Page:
This report was originally published on Scannain.com
Rain is a constant risk of Dublin life, but it was apt to see the clouds descend on O’Connell Street for the premiere of Noah on Saturday (29th March). A heavy mist smothered the city in expectation of the arrival of Russell Crowe, the film’s leading man, on the red carpet. In a canny piece of advertising, Crowe attended three premieres in the British Isles in the space of one day. Exhausting? Noah must have God on his side.
The drizzly clouds never let up, dampening most everything except the spirits of the attendant crowd who has assembled by the barriers skirting the red carpet. The mood stayed buoyant as PR folks passed flyers for autographs out to the crowd, whilst an actor dressed as Noah proclaimed a very damp end of days for the sake of hawking weatherproof paint. Security was tight; breath was baited; patience was abundant but tested. The grins of all involved in this event screening bellowed with one ironic message; this was going to go flawlessly, come hell or high water.
Noah is a retelling of the Genesis story, as Noah (Crowe) is charged by God with saving his family and samples of all of Earth’s animal species from an impending flood. Noah and his family begin construction of a huge ark, much to the chagrin of violently skeptical locals. The spectacle of such a story is nothing new to director Darren Aronofsky, whose films never lack for ambition (See his curtailed yet beautifully transcendental love story The Fountain for proof). Still, a straight adaptation would be too much of a gamble now. Instead he manages a tricky balance between Bible story, environmentalist tale and adventure, with minimal irony and strong performances from all concerned. Alongside Crowe, the cast features his A Beautiful Mind co-star Jennifer Connelly, Emma Watson, Anthony Hopkins and Ray Winstone (It’s saddening to learn that at no point in the film does Winstone yell, “Oi, Noah, you slaaaaaag!”)
Prior to the film’s release on this side of the Atlantic this Friday (April 4th), Dublin, Edinburgh and Cardiff welcome Crowe and his young co-star Douglas Booth (playing Noah’s eldest son, Shem) to their respective red carpets. Dublin is first on the list, with fans arriving from early in the morning ahead of the screening’s 12:45 start. The rains get heavier as ticket holders are admitted first, followed by photo-ops for the local hangers-on ahead of the arrival of the main draws. Booth arrives first, sporting a faint check suit. Despite cheers from the folks outside, his red carpet time is brief; the man everyone is here to see is following close behind.
Crowe arrives in style, in a black-and-white patterned scarf and elegant black coat. The fans scream for his attention, and he does not disappoint. Despite time constraints, he responds to autograph and selfie requests with an efficiency that only the experience of many premieres past can bring. Reputations be damned; he has classic star wattage viewed up close. Moving between media outlets along the red carpet, he’s to the point but disarmingly charming. Questions inevitably turn to critical responses to the film from conservative Christian groups. Were he and the filmmakers surprised by this? “No,” comes to honest reply, “We kind of expected that, just the same way we expected to be banned in certain Muslim countries as well. But it’s gratifying that people are actually starting to see the movie now, because it gets irritating after a while. 12-14 months of criticism based on people not seeing the film.” His reference to skepticism on the public’s part during production belies that certain gruffness beneath the warmth. If nothing else, Crowe is only human; expectations for a biblical story would always be low in the modern age.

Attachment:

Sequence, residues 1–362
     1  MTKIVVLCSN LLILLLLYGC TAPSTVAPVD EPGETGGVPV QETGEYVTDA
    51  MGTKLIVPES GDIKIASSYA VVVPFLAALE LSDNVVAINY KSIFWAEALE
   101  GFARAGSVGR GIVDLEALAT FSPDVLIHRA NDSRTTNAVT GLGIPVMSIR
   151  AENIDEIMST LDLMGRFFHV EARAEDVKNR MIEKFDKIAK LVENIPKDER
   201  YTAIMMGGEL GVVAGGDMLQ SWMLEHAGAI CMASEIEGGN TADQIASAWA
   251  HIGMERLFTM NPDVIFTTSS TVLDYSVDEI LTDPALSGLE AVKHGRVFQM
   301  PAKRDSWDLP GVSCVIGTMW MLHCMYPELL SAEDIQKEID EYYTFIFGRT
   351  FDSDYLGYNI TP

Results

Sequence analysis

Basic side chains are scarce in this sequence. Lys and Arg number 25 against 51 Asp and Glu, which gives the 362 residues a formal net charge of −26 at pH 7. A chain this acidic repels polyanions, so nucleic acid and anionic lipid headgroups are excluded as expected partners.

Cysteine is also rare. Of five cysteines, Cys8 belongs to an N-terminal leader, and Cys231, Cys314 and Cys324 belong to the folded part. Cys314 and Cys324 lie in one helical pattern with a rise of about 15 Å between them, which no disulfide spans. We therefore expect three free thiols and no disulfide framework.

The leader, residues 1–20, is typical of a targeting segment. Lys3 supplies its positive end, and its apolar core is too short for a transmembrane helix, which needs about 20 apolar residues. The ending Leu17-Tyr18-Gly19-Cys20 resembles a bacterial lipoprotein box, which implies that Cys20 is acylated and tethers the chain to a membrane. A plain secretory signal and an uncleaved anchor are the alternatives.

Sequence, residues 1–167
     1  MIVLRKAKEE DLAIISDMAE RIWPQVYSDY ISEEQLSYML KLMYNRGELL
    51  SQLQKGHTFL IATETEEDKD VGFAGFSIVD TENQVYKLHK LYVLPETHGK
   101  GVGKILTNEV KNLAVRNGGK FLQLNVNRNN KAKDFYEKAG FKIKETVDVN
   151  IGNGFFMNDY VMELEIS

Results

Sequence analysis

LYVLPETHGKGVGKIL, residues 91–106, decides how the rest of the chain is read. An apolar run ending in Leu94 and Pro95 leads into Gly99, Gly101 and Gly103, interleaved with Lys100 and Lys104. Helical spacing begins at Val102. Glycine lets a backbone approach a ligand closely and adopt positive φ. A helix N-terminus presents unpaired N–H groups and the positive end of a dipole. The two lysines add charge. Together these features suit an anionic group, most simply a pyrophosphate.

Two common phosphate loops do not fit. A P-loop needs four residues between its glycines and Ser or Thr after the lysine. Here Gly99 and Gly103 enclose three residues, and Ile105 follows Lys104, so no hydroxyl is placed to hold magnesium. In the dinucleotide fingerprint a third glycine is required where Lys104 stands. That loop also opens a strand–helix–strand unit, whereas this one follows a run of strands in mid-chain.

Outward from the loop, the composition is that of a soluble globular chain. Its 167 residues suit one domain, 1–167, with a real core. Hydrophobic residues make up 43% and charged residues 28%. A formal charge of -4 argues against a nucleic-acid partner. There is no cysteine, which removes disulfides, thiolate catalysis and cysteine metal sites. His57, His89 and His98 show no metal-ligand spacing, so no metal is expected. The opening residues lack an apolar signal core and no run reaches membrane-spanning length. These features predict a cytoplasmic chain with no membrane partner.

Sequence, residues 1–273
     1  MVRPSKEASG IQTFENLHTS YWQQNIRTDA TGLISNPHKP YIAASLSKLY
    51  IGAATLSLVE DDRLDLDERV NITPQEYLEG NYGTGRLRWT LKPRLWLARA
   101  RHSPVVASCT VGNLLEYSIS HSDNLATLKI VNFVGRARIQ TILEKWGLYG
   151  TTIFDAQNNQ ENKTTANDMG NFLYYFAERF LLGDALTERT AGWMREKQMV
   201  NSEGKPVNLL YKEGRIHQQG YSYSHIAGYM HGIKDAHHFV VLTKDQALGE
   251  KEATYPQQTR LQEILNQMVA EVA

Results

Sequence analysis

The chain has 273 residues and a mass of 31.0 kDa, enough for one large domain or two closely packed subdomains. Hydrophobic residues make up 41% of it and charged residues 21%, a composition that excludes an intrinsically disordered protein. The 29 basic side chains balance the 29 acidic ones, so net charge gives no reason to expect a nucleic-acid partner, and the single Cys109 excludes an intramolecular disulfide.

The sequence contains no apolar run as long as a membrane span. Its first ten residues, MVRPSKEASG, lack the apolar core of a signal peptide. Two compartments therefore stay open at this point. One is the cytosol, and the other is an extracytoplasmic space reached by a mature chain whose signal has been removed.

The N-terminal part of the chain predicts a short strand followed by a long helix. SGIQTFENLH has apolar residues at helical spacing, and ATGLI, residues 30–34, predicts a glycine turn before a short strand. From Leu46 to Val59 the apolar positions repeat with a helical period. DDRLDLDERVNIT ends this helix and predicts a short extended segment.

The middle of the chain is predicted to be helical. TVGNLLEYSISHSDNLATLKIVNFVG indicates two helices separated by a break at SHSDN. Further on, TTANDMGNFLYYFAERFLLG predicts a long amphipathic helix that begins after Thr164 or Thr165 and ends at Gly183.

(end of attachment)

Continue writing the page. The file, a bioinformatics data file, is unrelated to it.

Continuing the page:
Our attention turns to the filmmakers. We ask Crowe what he felt Aronofsky brought to the project. “A lot of planning, and a very specific budget!” is the knowing reply, delivered with a warm smile. That specific budget is currently touted at approximately US$125 million, so a man with a plan was clearly a must. Was working with Aronofsky part of the draw for Crowe? He confirms, “Definitely. I’ve been following Darren’s growth as a filmmaker for about 15 years, and I was really taken aback by Black Swan. It’s one of those calls that you wanna get, you know? Here’s a guy coming towards the peak of his powers, and you’re the guy he wants to call!”
Showing his enthusiasm, Crowe reveals a tale from the casting process. “[Aronofsky] made a gag at our first conversation. He said ‘I’ll tell you what the movie is we have to make together. I’ll make you two promises, but don’t say anything after I say the title.’ He said it’s Noah, and then he said ‘Here’s the two promises. One: I will not require you to wear sandals. Two: I will not have you on the bow of a ship flanked by a giraffe and an elephant.” It’s a relief to hear this from Noah himself; that image could be either kitsch or ironic, two points of view which the film purposefully avoids. Crowe nods to the balancing act Aronofsky performs with Noah. “In his vision, even though you’re talking about a biblical story, Darren’s allowed a certain latitude for evolutionary theories as well.”
Running late, time constraints force Crowe on his way. The press gallery consisted of seasoned journalists and relative newbies, but all are left with a feeling of achievement. His reputation and his handlers precede him, but Crowe clearly has a great deal of energy devoted to Noah. The marketing push has been a big effort, and he has two more premieres to fly to before the day is out. We later hear he made it to the Edinburgh screening before the Dublin screening had even ended! Whether or not he’s doing the Lord’s work, his director and the film’s backers should be pleased by Crowe’s efforts.